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In draft guidance, NICE said breast cancer patients should have routine access to these two life extending drugs after a new deal with their manufacturing companies who agreed to lower the price and who gave more evidence for their effectiveness.

Palbociclib (Ibrance) from Pfizer and ribociclib (Kisqali) from Norvatis, are recommended for people with hormone receptor (HR) positive, HER2 negative locally advanced or secondary breast cancer.

NICE said that although there were some uncertainties on how long they extend the life expectancy of people with this type of breast cancer, these promising new drugs were found to stall the growth of cancer for an extra 10 months on average.

Breast cancer can return 20 years after treatment

Risk of certain breast cancers coming back remains for at least 20 years after treatment | New England Journal of Medicine | Story via Cancer Research UK

Research, carried out by The Early Breast Cancer Trialists’ Collaborative Group collected data from more than 60,000 women who had been diagnosed with hormone sensitive breast cancer (usually called oestrogen receptor positive or ER+ breast cancer) between 1976 and 2011.

All of the patients were given a type of anti-oestrogen therapy for five years as part of their treatment. At the five year mark the women had no signs that their breast cancer had come back and treatment ended.

The figures, published in the New England Journal of Medicine show that out of the women included in the study, 11,000 had their cancer come back in another part of the body such as the bone, liver and lung in the 15 years after stopping treatment. They also showed that the risk of cancer coming back remained the same year on year from when they stopped taking the anti-oestrogen drugs to 15 years later.

Full story at Cancer Research UK

Full reference: Pan, H. et al. (2017) 20-Year Risks of Breast-Cancer Recurrence after Stopping Endocrine Therapy at 5 YearsNew England Journal of Medicine.

 

Radiation risk with digital mammography in breast screening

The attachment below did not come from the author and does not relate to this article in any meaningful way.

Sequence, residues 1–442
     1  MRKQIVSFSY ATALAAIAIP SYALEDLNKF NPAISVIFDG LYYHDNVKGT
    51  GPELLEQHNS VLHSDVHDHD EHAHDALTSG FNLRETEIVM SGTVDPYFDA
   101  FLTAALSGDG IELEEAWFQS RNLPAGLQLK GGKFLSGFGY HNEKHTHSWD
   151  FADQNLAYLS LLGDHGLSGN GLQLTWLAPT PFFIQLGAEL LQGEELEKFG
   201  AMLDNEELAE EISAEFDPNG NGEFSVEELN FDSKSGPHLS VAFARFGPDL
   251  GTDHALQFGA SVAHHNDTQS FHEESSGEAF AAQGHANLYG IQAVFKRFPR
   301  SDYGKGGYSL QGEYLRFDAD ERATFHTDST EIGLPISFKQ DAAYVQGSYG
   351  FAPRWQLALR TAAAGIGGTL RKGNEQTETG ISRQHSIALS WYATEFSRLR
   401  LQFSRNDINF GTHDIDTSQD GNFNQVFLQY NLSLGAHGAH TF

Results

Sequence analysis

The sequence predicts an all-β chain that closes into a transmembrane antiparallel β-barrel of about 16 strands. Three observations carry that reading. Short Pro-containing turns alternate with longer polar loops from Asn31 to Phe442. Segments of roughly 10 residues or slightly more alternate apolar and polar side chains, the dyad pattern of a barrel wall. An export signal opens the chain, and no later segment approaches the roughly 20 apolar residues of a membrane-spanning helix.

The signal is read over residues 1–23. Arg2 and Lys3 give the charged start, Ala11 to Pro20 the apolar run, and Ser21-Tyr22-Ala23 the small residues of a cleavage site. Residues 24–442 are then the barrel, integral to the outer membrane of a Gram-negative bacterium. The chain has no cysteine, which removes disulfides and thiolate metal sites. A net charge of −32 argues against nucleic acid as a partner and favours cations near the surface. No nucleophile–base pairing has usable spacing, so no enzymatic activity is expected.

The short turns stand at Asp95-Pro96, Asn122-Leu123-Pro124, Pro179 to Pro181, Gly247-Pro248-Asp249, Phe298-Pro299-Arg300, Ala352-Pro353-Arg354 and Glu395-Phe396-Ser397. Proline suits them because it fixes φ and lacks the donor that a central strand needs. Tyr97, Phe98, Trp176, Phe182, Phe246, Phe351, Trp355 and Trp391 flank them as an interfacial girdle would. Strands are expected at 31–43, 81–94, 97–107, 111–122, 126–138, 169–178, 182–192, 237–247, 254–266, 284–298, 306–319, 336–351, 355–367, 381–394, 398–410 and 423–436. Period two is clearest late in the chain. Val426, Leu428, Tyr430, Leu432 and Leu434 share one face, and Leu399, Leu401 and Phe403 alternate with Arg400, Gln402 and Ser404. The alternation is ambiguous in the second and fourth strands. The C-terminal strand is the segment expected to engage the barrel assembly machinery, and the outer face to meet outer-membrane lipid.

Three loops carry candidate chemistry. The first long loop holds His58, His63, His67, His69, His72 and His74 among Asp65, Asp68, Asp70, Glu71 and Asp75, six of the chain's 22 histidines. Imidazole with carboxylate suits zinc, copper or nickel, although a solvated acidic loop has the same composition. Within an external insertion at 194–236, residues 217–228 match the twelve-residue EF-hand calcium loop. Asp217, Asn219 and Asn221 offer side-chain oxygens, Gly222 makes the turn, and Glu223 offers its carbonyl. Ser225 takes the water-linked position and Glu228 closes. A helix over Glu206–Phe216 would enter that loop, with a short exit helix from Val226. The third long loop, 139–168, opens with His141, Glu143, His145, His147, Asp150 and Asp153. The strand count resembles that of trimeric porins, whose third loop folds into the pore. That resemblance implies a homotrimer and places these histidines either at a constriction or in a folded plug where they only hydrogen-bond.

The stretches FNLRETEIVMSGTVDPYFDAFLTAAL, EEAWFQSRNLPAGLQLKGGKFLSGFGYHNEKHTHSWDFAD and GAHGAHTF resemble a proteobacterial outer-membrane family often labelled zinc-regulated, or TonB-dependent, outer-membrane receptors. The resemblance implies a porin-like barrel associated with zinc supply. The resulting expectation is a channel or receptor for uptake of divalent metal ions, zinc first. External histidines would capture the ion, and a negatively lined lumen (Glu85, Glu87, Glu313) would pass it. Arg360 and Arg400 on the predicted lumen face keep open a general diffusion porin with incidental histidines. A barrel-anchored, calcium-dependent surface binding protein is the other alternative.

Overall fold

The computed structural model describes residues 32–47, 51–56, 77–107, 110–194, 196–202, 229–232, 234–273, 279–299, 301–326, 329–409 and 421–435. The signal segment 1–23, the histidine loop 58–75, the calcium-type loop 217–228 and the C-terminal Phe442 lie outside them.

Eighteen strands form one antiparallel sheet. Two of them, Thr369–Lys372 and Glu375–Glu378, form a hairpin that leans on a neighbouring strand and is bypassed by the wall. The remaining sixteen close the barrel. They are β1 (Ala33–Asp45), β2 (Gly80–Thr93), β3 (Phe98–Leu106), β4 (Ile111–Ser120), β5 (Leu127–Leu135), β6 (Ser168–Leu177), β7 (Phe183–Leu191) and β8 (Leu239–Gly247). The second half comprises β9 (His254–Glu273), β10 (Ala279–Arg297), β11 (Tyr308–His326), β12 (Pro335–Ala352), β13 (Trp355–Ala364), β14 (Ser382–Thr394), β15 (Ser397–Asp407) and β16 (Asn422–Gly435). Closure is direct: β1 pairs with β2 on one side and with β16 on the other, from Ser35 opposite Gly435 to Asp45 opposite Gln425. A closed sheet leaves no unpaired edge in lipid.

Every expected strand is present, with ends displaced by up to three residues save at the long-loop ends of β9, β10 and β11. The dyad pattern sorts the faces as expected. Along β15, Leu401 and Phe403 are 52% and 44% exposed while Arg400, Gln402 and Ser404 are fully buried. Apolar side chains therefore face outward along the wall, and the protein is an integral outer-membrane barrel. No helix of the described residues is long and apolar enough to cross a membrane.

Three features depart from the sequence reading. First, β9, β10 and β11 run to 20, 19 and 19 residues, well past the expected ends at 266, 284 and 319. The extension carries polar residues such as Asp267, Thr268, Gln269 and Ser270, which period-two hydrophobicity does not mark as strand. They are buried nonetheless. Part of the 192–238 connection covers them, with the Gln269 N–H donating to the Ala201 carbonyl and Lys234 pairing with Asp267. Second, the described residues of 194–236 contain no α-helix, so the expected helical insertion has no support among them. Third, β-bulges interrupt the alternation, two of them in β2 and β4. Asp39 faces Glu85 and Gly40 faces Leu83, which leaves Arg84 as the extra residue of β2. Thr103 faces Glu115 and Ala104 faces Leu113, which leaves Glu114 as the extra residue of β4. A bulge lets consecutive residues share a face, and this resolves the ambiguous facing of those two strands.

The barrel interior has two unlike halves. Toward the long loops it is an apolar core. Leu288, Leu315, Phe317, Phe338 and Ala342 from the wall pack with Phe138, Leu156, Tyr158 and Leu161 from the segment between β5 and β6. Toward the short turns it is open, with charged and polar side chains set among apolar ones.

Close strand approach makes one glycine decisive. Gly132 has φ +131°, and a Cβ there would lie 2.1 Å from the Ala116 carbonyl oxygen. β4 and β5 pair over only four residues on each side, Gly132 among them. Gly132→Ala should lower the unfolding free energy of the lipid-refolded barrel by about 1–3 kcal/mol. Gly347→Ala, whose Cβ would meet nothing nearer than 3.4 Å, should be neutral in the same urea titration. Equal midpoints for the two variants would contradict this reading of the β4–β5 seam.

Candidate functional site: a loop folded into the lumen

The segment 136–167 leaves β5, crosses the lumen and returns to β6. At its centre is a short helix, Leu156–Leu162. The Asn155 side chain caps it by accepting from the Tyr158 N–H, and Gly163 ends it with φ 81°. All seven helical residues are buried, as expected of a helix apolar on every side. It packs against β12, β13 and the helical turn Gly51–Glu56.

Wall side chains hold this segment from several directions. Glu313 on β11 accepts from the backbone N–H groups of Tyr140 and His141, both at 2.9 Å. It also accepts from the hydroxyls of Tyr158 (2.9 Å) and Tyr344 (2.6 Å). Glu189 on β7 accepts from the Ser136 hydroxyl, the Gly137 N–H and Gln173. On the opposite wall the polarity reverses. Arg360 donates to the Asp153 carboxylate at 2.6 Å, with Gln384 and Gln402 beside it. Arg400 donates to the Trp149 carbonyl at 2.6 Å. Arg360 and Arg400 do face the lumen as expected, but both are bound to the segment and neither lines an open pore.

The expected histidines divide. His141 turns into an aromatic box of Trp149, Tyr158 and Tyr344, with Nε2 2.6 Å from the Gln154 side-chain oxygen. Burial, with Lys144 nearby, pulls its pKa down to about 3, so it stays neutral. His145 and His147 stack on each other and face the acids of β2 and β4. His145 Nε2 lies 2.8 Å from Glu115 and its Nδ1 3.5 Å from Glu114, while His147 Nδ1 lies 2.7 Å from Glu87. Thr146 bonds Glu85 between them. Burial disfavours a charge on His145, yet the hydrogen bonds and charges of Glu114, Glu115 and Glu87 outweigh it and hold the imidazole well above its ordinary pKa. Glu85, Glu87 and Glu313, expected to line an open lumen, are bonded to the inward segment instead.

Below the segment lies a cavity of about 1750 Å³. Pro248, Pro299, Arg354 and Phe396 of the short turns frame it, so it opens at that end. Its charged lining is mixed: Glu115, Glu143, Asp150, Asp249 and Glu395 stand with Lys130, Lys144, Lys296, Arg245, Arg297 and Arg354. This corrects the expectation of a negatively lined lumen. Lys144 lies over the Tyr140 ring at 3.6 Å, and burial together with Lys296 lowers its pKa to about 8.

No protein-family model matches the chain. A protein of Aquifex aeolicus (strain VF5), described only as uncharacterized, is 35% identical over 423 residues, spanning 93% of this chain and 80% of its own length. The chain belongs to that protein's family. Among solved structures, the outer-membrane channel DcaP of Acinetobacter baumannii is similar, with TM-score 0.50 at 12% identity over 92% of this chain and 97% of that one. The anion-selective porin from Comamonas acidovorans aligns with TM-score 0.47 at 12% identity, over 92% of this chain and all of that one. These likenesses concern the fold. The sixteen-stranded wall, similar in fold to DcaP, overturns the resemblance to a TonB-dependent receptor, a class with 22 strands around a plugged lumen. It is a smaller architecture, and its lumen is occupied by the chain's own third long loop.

This review estimates the risks and benefits of breast screening in terms of deaths due to radiation-induced cancers and lives saved by digital mammography in the NHS Breast Screening Programme in England.

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A radiation risk model, patient dose data and data from national screening statistics were used to estimate the number of deaths due to radiation induced breast cancers in the NHSBSP in England. The breast cancer mortality reduction in the invited population due to screening, and the percentage of women diagnosed with symptomatic breast cancer who die from that cancer, were collated from the literature. The number of lives saved due to screening was calculated.

The main findings are that:

  • the risk of a radiation-induced cancer for a woman attending full field digital mammographic screening (2 views) by the NHSBSP is between 1 in 49,000 to 1 in 98,000 per visit
  • if a woman attends all 7 screening examinations between the ages of 50 to 70, the risk of a radiation-induced cancer is between 1 in 7,000 to 1 in 14,000
  • it is estimated that about 400 to 800 cancers are detected by the NHSBSP for every cancer induced
  • the mortality benefit of screening exceeds the radiation-induced detriment by about 150:1 to 300:1
  • for the small proportion of women with breasts thicker than 90mm who receive higher radiation doses, the benefit will exceed the risk by about 100:1 to 200:1

Full report at Public Health England